Lottery Retailers

The drawing of lots to determine property rights has a long record in history, including many instances recorded in the Bible. Public lotteries distributing money prizes as tickets have a shorter history, with the first recorded lottery held in the Low Countries in the fifteenth century to raise funds for town fortifications and to help poor people.

Lottery officials make it clear to players that winning is possible. They also provide valuable information about how to play the game and encourage players to seek advice on investing their winnings. However, this advice can sometimes be misleading. For example, one California woman won a jackpot and then hired an attorney to conceal the award from her husband in order to avoid paying taxes on it. However, this tactic backfired, and the woman ended up losing her entire prize because of a divorce.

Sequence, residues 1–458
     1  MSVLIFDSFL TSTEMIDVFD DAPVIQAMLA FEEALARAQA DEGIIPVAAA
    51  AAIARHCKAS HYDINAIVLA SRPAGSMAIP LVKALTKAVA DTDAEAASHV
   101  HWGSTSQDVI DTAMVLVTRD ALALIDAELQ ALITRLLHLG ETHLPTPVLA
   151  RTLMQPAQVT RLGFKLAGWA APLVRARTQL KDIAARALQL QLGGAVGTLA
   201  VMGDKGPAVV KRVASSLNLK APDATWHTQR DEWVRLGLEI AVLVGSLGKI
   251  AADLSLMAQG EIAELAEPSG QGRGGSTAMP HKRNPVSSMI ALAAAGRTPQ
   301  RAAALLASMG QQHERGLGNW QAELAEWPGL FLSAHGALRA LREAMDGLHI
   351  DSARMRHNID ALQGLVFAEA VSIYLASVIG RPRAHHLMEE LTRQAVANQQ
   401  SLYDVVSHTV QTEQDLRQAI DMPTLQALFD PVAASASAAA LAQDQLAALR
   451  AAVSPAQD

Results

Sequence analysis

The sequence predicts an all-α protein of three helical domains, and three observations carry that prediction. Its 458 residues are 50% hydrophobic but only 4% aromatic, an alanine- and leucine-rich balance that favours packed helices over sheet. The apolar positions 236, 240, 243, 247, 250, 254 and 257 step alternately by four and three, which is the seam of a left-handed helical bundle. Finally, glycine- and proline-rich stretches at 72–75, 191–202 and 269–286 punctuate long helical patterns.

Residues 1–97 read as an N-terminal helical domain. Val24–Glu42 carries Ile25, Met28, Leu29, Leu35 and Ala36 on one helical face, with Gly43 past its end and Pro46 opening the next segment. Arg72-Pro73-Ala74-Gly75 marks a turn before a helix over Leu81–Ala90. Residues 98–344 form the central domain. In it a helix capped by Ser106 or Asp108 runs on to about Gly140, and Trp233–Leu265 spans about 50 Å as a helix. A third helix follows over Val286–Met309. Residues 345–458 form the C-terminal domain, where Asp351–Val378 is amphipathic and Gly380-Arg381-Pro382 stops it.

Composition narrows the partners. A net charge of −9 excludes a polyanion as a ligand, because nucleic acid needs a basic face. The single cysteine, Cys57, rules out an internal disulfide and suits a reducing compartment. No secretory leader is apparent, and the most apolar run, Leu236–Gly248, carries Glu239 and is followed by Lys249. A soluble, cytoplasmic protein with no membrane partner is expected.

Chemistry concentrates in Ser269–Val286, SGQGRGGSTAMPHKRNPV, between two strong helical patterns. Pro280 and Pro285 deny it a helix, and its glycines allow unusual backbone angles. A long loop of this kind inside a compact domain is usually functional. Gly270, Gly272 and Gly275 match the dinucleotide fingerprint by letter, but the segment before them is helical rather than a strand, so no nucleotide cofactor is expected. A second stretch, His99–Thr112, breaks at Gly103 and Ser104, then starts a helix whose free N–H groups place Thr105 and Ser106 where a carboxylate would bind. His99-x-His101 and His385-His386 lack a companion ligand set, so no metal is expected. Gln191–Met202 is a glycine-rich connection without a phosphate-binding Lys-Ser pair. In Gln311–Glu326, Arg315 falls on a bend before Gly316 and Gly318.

The NASPL Web site lists nearly 186,000 retailers that sell lottery tickets, including convenience stores, gas stations, supermarkets, service stations, restaurants and bars, bowling alleys, and newsstands. About three-fourths of these retailers offer online services. Retailers earn about 60-90% of the total sales revenue. The majority of these retailers are independently owned and operated, but large chains and franchises also sell tickets. The largest retailers are in California, Texas, and New York. Many state lotteries operate their own distribution channels, and most offer online services. Several states also allow the sale of tickets in private venues, such as restaurants and bars.